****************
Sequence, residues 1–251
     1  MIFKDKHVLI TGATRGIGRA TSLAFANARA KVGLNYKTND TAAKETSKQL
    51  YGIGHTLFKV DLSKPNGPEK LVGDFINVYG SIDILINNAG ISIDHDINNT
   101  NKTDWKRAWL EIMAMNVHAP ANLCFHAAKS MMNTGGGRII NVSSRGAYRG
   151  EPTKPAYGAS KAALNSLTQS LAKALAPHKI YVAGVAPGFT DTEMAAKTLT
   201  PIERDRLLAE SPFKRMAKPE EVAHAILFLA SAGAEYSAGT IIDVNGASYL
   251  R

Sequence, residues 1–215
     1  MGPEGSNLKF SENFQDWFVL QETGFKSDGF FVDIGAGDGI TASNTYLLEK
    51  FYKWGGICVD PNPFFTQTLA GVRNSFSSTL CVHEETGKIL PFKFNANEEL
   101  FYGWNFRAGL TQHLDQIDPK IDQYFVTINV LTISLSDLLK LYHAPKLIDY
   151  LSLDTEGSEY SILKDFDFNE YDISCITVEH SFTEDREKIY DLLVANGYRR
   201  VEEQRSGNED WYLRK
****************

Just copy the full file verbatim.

Sequence, residues 1–251
     1  MIFKDKHVLI TGATRGIGRA TSLAFANARA KVGLNYKTND TAAKETSKQL
    51  YGIGHTLFKV DLSKPNGPEK LVGDFINVYG SIDILINNAG ISIDHDINNT
   101  NKTDWKRAWL EIMAMNVHAP ANLCFHAAKS MMNTGGGRII NVSSRGAYRG
   151  EPTKPAYGAS KAALNSLTQS LAKALAPHKI YVAGVAPGFT DTEMAAKTLT
   201  PIERDRLLAE SPFKRMAKPE EVAHAILFLA SAGAEYSAGT IIDVNGASYL
   251  R

Sequence, residues 1–215
     1  MGPEGSNLKF SENFQDWFVL QETGFKSDGF FVDIGAGDGI TASNTYLLEK
    51  FYKWGGICVD PNPFFTQTLA GVRNSFSSTL CVHEETGKIL PFKFNANEEL
   101  FYGWNFRAGL TQHLDQIDPK IDQYFVTINV LTISLSDLLK LYHAPKLIDY
   151  LSLDTEGSEY SILKDFDFNE YDISCITVEH SFTEDREKIY DLLVANGYRR
   201  VEEQRSGNED WYLRK